A simple example of how to access the SimTrackerHits in an event.
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Explanation of the TrackerHitAccessDriver Driver Code
First, as in all Java programs, there are the import statements:
EventHeader provides access to the event data.
SimTrackerHit is the tracker detector hit.
LCMetaData and TrackerIDDecoder provide access to tracker detector information encoded in the hit IDs. Note that we cast from the default IDDecoder which the meta data returns.
Driver is a steering routine which can deal with event processing.
The aida classes are used for histogramming.
Next is the declaration of the Driver class.
To be run from within JAS3, one needs a no-argument constructor.
In our case we use this to instantiate the aida tree.
We choose here only to override the process() method of Driver. This is called once per event during the event loop. Its single argument is the EventHeader of the current LCIO event.
All collections in this event are accessible through the EventHeader interface.
We are interested in accessing the SimTrackerHits for the tracking detectors. We could use the method getSimTrackerHits(String name), but we choose not to in this example, since we do not, a priori, know the names of the collections in an arbitrary LCIO file. Instead, we fetch all the collections which contain objects of type SimTrackerHit, viz.
Here we are using the event.get(java.lang.Class) method, which returns a list of lists of tracker hits. That is, each tracker subdetector provides a list of SimTrackerHits.
Next, we loop over this list of SimTracker collections using the Java 1.5 loop syntax
Each collection contains metadata which provides more information about the content. We fetch this via
and obtain a hit ID decoder, which will be used later to access additional information about the tracker hits. We cast this to a TrackerIDDecoder since we know that we are dealing with tracker hits.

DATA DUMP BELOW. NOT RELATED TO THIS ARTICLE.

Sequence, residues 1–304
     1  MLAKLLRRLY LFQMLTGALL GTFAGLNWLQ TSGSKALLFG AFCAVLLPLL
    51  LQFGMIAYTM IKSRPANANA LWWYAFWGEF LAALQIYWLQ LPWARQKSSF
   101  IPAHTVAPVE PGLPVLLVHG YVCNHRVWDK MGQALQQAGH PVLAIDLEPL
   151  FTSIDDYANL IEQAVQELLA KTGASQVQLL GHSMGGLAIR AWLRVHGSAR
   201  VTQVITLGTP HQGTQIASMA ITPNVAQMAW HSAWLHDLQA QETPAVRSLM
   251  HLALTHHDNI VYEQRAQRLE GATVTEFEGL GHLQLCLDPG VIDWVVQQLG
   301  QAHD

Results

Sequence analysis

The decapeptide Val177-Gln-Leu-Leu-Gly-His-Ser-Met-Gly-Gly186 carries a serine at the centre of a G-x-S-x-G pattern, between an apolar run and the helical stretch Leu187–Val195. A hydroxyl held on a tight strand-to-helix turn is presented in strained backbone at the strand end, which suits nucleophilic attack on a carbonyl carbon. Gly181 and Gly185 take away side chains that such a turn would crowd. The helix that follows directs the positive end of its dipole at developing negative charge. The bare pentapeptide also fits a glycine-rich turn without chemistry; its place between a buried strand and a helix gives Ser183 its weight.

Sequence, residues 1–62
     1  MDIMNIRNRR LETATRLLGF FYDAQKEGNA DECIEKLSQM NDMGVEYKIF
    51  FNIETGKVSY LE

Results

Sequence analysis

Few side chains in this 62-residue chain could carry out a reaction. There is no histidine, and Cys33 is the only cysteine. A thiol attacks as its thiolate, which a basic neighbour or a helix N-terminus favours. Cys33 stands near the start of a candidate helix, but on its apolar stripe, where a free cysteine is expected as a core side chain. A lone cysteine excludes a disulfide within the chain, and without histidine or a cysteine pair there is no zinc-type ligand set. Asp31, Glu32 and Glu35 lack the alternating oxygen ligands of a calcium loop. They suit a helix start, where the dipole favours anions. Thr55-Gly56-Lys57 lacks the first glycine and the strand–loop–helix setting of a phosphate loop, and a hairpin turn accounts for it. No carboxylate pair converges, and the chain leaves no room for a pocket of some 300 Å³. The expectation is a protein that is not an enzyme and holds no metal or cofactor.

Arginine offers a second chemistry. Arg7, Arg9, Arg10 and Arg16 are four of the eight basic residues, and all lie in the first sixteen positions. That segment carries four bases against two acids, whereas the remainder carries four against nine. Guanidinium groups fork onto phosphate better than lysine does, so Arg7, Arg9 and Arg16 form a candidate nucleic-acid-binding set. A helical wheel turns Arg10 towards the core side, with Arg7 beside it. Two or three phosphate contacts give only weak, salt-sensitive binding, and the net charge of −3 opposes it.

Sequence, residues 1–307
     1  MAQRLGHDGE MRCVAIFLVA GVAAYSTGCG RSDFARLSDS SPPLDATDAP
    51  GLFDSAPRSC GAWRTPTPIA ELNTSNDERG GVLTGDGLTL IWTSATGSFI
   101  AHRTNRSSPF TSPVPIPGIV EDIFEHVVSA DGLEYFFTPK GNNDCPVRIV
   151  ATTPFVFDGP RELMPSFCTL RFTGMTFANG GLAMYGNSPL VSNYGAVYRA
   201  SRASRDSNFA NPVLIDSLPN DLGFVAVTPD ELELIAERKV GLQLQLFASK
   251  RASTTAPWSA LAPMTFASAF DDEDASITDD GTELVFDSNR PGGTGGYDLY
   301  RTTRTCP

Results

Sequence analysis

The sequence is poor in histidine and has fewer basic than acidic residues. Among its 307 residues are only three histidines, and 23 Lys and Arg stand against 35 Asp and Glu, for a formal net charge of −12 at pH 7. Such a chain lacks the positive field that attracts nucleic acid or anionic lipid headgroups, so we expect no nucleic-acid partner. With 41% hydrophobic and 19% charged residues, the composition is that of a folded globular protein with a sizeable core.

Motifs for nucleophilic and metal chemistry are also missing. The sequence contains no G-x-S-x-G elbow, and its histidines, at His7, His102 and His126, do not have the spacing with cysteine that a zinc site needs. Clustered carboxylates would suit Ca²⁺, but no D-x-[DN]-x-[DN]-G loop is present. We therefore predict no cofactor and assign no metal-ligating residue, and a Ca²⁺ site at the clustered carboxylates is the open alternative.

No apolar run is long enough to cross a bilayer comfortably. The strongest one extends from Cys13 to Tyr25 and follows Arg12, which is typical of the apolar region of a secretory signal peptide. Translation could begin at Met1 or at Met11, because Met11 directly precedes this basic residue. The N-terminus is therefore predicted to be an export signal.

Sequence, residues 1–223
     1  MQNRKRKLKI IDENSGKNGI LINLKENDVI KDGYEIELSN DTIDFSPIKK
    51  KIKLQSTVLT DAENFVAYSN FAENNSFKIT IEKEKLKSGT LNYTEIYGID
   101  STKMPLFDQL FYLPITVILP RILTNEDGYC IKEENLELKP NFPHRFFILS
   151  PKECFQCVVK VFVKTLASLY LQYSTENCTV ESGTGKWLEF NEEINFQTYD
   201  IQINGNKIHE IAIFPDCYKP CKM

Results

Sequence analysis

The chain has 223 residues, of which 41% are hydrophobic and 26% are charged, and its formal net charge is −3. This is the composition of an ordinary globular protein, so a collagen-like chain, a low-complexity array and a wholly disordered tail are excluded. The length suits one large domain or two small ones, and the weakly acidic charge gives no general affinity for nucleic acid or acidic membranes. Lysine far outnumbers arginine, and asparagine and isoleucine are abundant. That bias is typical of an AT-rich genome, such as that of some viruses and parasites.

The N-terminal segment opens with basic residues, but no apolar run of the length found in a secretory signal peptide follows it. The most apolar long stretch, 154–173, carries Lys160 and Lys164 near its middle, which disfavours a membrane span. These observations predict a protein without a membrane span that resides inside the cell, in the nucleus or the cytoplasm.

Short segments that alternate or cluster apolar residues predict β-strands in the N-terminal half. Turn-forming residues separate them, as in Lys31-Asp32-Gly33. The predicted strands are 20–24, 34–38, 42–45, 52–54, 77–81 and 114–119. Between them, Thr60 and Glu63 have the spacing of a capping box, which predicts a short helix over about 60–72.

Finally we loop over the SimTrackerHits in the collection:
Each hit contains a packed ID, which we can interpret using the IDDecoder obtained from the collection metadata.
For illustration, we plot the x vs. y position of the tracker hits.
First, we fetch the position
We currently return an array of doubles, which we interpret as the (x,y,z) position. This should, of course, be encapsulated into a space point class to remove this ambiguity of interpretation. Look for this in a future release.
Finally we fill the histogram:
This one line contains a lot of functionality, so merits some extra attention.
First, a cloud2D is a two-dimensional tuple. The cloud2D method of the AIDA object takes a string which is the title. We construct the title from the name of the tracker collection (obtained from the metadata via its getName() method) and add the layer number as well. For example, we might end up with a tuple titled "TkrBarrHits layer 0 x vs y" for the x,y hit position of SimTrackerHits on layer 0 of the collection TkrBarrHits. If this cloud does not already exist, it will be created, else the instance is returned. We then fill the tuple with the cloud2D fill() method, where pos and pos are understood to be the x and y position, respectively.
Here is an example plot showing the x vs y hit position for layer 0 of a silicon strip barrel detector:
Not too exciting, but now you know how to access the tracker hit information in an event.